Bonilla Found Guilty of Holmes Run Rape

Bonilla Found Guilty of Holmes Run Rape

Sentencing is scheduled for May 12.

Jose Daniel Bonilla, 26, was found guilty of rape on Tuesday. His sentencing hearing is scheduled for May 12. Another suspect, Rigoberto Ramos, who is Bonilla's co-defendant, is scheduled for trial on April 4.

The summertime rape occurred at Holmes Run Park, a popular neighborhood destination. Parts of the park are heavily wooded. News of a rape near the Latham Street Bike Path caused a great deal of concern for people who live in the area. Perhaps the most shocking aspect of the crime was that it occurred at 1 p.m., a time when the park is usually populated with lunchtime strollers.

In a two-day trial, details emerged about the nature of the crime and the evidence against Bonilla. The defense attorney persuaded the judge to find the defendant not guilty of stealing the defendant's cell phone, a charge Judge John Kloch described as "totally circumstantial." But Bonilla was found guilty of rape, abduction, using a firearm in the commission of a rape and using a firearm in the commission of abduction.

JULY 2, 2004 was a sunny day. At Holmes Run Park, on the city's west side, parents and children were playing in the afternoon sun. One 23-year-old Alexandria woman was enjoying the sunshine by chatting to her mother on a cell phone. After a five-minute chat, she started walking east down the bike path, toward Duke Street. She was near the intersection of the park and Latham Street Bike Path when two men grabbed her and pointed a gun at her. One man spoke English to her and the other spoke only Spanish.

"One grabbed me on the arm and when I looked at the other, he had a gun," the victim testified on Monday. "I asked the one who spoke English if they were going to kill me and he said 'no."

She said the men dragged her into the thick foliage by Holmes Run Creek, where they forced her to lay on a large rock. One man held her at gunpoint while the other man raped her. The sexual assault lasted about three minutes.

"He whispered in my ear that he had just gotten out of prison," she said. "And that he hadn't had sex with a woman yet."

After the first suspect finished, he handed the gun to the second suspect, who spoke only Spanish. Then the second suspect raped her. After he was finished, she again asked if they were going to kill her. The man who spoke English said that they would not. She asked if she could put her shorts and panties back on. The first man said no and ordered her to sit in the water.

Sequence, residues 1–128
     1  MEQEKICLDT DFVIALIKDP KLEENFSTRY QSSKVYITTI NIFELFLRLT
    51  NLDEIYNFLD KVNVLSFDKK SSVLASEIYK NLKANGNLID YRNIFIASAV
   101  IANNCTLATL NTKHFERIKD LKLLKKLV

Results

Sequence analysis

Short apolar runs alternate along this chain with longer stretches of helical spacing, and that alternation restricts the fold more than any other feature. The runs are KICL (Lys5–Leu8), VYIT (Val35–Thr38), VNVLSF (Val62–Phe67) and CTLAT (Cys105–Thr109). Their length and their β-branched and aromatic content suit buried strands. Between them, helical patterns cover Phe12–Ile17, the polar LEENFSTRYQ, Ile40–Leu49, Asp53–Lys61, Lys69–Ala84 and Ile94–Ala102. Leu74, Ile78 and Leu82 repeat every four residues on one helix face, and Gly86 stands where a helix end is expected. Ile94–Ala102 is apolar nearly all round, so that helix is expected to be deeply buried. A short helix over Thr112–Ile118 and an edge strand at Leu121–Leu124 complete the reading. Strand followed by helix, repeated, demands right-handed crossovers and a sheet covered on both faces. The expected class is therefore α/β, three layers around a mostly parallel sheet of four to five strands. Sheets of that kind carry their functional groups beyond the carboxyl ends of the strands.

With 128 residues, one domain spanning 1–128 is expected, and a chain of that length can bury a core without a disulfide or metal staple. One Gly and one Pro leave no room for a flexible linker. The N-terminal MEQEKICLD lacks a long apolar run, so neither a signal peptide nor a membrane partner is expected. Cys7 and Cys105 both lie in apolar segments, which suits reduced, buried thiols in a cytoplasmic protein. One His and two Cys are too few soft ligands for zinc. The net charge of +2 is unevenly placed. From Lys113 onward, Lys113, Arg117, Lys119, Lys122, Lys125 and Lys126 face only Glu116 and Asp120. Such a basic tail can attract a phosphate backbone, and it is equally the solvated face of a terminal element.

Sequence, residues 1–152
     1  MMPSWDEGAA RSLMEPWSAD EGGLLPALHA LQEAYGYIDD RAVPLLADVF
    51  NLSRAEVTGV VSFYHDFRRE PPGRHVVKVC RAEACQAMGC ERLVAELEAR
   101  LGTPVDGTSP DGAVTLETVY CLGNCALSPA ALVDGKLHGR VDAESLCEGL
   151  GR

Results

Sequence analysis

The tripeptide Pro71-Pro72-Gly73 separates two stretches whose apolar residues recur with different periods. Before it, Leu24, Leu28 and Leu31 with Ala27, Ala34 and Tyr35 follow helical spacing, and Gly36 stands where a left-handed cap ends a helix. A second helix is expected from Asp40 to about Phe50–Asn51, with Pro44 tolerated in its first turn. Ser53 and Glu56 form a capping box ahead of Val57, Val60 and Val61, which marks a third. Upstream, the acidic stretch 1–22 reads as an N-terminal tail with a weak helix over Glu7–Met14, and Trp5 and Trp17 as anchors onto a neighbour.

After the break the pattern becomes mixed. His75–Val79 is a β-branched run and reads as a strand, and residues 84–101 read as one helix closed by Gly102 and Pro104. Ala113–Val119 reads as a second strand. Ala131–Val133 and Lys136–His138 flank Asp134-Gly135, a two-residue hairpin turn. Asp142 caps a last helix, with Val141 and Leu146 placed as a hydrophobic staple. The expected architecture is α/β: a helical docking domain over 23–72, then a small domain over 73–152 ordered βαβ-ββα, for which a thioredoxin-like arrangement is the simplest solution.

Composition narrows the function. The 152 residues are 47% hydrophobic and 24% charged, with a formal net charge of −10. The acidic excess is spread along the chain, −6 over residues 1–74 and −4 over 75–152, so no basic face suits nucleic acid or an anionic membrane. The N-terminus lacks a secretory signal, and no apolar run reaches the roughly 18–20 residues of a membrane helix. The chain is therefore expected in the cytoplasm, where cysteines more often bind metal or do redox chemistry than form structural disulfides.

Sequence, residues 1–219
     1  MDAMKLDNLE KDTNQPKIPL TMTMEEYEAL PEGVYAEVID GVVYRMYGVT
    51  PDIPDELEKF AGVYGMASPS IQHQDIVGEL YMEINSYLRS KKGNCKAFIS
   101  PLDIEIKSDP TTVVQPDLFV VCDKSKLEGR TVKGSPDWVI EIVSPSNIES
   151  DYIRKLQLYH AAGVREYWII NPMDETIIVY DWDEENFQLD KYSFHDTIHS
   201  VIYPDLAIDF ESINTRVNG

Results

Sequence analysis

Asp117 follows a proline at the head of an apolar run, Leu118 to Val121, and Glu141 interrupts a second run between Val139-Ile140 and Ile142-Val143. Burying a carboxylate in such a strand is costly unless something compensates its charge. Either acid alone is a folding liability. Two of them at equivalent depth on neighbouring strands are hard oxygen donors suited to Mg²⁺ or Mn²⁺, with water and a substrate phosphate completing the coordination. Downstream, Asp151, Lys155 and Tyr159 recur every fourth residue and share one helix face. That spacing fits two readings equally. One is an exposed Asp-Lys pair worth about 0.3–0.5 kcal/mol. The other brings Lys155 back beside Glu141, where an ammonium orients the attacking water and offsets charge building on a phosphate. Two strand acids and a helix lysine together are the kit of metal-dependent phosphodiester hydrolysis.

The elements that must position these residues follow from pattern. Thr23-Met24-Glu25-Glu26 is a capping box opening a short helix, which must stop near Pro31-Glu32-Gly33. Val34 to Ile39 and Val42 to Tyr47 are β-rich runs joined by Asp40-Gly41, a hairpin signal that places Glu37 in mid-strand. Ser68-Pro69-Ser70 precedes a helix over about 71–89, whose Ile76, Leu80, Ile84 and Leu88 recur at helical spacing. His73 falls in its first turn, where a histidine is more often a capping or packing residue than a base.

Afraid for her life and traumatized by what had just happened, she sat in the water for about 10 minutes. When she was relatively confident that they had left the area, she wrapped her T-shirt around her waist and sought help. She encountered a man who was in the park for a stroll. He offered to let her use her cell phone.

A tape of the 911 call was played in court. In it, the victim could be heard sobbing and giving details of the crime. She stayed on the phone with the 911 operator until police arrived.

When Alexandria police officers arrived on the scene, the area was secured. Eyewitnesses were interviewed. DNA samples were taken from the rock. One man said that he had seen two men running from the scene laughing and talking to each other in Spanish. He gave a description of the car, which was parked in the 5100 block of Holmes Run Parkway. The victim was taken to a local hospital, where DNA samples were taken from her body.

A few days later, a car matching the description of the one seen on Holmes Run Parkway was stopped in Falls Church. The men were photographed, and their mug shots appeared in a photo spread that was shown to the victim. She identified the man in the photo as one of the men who raped her.

DURING THE TRIAL, Bonilla was identified as the first suspect. The second suspect, Ramos, is scheduled for trial next month. Witnesses at the scene and police officers testified. The most incriminating evidence came from microscopic particles that were taken from the crime scene and from the victim's body.

When the DNA evidence was evaluated, the chances that Bonilla was not one of the men who raped the victim was one in 6 billion. The commonwealth attorney's office presented a case that included testimony from a DNA expert that went into detail about how the evidence was analyzed and what it meant.

In the end, Kloch was satisfied that the commonwealth had proven its case, and the defendant was found guilty of rape and abduction. Rape carries a charge of 5 years to life imprisonment and abduction carries a charge of 20 years to life imprisonment.